In the United States a staggering 9% of children are diagnosed with ADHD and take pharmaceutical medication, often a type of amphetamine such as Aderall. In France however, the ‘disease’ is virtually unheard of.
The 0.5% of children who do get diagnosed with an ADHD-like condition in France are treated as having a psycho-social disorder, rather than biological (as is common in the U.S.). And its this holistic approach that makes French children free of the ADHD epidemic prevalent in the U.S.
French Psychiatrists focus on fixing the underlying issue that is causing the child to suffer by looking at the child’s social context. Treatment often involves dealing with an underlying social problem and/or psychotherapy or family counseling.
French child psychiatrists don’t use the same system of classification of childhoodemotional problems as American psychiatrists. They do not use the Diagnostic and Statistical Manual of Mental Disorders or DSM.
According to Sociologist Manuel Vallee,the French Federation of Psychiatry developed an alternative classification system as a resistance to the influence of the DSM-3.
This alternative was the CFTMEA (Classification Française des Troubles Mentaux de L’Enfant et de L’Adolescent), first released in 1983, and updated in 1988 and 2000. The focus of CFTMEA is on identifying and addressing the underlying psychosocial causes of children’s symptoms, not on finding the best pharmacological bandaids with which to mask symptoms.
To the extent that French clinicians are successful at finding and repairing what has gone awry in the child’s social context, fewer children qualify for the ADHD diagnosis.
Moreover, the definition of ADHD is not as broad as in the American system, which, in my view, tends to “pathologize” much of what is normal childhood behavior. The DSM specifically does not consider underlying causes. It thus leads clinicians to give the ADHD diagnosis to a much larger number of symptomatic children, while also encouraging them to treat those children with pharmaceuticals.
The French holistic, psychosocial approach also allows for considering nutritional causes for ADHD-type symptoms—specifically the fact that the behavior of some children is worsened after eating foods with artificial colors, certain preservatives, and/or allergens. Clinicians who work with troubled children in this country—not to mention parents of many ADHD kids—are well aware that dietary interventions can sometimes help a child’s problem. In the U.S., the strict focus on pharmaceutical treatment of ADHD, however, encourages clinicians to ignore the influence of dietary factors on children’s behavior.
And then, of course, there are the vastly different philosophies of child-rearing in the U.S. and France. These divergent philosophies could account for why French children are generally better-behaved than their American counterparts. Pamela Druckerman highlights the divergent parenting styles in her recent book, Bringing up Bébé. I believe her insights are relevant to a discussion of why French children are not diagnosed with ADHD in anything like the numbers we are seeing in the U.S.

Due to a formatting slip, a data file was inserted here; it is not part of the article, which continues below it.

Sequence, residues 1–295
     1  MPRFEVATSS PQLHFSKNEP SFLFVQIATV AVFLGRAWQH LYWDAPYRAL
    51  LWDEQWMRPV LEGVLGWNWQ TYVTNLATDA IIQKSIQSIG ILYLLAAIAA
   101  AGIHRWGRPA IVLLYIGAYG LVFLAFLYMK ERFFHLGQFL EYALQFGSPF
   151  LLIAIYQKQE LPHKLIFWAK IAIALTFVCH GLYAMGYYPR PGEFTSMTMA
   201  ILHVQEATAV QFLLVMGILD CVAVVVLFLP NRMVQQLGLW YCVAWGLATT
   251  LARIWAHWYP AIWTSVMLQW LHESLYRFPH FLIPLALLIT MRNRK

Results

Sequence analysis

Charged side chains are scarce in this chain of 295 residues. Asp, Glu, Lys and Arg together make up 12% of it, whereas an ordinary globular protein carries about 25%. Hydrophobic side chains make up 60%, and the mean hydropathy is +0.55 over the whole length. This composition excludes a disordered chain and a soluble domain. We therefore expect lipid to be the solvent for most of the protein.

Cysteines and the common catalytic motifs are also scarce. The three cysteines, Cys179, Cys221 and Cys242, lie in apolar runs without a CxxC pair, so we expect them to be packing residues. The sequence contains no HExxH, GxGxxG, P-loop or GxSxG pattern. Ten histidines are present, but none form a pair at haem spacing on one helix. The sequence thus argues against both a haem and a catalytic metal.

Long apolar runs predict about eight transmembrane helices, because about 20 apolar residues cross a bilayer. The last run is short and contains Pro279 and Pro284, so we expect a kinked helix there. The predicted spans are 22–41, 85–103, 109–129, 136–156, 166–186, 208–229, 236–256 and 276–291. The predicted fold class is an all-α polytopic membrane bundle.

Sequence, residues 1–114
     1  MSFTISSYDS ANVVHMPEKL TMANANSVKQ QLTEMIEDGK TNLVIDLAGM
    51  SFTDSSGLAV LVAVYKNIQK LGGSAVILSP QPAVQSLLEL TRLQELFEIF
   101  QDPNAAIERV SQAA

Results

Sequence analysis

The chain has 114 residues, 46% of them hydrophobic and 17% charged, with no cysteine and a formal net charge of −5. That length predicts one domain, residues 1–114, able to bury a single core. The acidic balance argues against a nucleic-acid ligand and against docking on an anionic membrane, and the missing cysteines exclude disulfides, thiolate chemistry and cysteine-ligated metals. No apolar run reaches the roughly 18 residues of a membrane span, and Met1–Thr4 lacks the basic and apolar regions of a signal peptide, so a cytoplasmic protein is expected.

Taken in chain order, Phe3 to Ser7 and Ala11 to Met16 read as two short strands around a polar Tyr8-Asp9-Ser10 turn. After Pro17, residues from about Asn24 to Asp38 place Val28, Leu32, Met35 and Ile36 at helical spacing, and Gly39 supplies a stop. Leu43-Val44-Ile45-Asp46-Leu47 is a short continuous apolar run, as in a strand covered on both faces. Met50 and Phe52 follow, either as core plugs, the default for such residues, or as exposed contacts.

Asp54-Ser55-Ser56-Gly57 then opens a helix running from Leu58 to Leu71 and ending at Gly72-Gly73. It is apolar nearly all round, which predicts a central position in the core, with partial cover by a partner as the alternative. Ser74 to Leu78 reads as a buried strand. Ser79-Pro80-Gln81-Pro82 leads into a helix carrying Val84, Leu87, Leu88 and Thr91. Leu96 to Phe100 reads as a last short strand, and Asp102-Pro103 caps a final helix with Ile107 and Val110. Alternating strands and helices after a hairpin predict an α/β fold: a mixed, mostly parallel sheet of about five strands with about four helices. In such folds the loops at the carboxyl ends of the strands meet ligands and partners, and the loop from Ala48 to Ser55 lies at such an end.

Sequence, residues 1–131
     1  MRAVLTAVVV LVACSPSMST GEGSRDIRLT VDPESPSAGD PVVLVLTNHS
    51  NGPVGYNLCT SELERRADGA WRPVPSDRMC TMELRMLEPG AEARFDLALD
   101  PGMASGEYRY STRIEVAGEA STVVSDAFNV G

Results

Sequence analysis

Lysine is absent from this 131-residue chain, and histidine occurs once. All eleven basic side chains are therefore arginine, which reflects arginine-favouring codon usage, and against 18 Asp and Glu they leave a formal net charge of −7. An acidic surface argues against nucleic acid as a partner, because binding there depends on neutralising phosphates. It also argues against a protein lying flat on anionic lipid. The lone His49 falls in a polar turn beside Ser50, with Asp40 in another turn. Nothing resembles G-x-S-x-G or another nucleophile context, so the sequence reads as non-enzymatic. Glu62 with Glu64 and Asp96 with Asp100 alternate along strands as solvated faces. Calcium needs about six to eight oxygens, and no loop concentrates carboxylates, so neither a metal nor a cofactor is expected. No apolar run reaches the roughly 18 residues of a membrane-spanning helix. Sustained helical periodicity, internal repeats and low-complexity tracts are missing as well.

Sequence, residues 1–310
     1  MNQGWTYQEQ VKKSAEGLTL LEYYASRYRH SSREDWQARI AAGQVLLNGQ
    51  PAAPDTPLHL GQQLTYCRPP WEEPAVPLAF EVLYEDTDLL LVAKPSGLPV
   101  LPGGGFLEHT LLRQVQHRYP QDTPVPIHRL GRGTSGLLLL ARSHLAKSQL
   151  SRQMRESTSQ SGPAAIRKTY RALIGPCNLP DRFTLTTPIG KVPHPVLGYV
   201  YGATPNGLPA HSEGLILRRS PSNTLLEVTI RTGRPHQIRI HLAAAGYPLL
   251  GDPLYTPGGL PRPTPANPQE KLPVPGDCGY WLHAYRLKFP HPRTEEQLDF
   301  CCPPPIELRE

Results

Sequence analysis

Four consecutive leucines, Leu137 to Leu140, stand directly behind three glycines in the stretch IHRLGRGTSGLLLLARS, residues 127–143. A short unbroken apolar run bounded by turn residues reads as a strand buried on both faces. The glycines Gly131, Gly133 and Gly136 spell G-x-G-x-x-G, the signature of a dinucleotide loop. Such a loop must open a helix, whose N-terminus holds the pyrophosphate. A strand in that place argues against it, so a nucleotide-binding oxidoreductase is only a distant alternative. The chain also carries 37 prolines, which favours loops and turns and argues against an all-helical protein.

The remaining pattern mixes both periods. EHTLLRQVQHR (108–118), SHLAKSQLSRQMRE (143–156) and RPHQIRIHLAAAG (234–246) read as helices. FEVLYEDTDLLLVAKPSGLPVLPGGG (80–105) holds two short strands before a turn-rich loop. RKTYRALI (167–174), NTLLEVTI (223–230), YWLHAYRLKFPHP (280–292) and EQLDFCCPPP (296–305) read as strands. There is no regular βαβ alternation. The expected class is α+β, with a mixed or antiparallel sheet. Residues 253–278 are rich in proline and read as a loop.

From the time their children are born, French parents provide them with a firm cadre—the word means “frame” or “structure.” Children are not allowed, for example, to snack whenever they want. Mealtimes are at four specific times of the day. French children learn to wait patiently for meals, rather than eating snack foods whenever they feel like it. French babies, too, are expected to conform to limits set by parents and not by their crying selves. French parents let their babies “cry it out” (for no more than a few minutes of course) if they are not sleeping through the night at the age of four months.
French parents, Druckerman observes, love their children just as much as American parents. They give them piano lessons, take them to sports practice, and encourage them to make the most of their talents. But French parents have a different philosophy of discipline. Consistently enforced limits, in the French view, make children feel safe and secure. Clear limits, they believe, actually make a child feel happier and safer—something that is congruent with my own experience as both a therapist and a parent. Finally, French parents believe that hearing the word “no” rescues children from the “tyranny of their own desires.” And spanking, when used judiciously, is not considered child abuse in France. (Author’s note: I am not personally in favor of spanking children).
As a therapist who works with children, it makes perfect sense to me that French children don’t need medications to control their behavior because they learn self-control early in their lives. The children grow up in families in which the rules are well-understood, and a clear family hierarchy is firmly in place. In French families, as Druckerman describes them, parents are firmly in charge of their kids—instead of the American family style, in which the situation is all too often vice versa.
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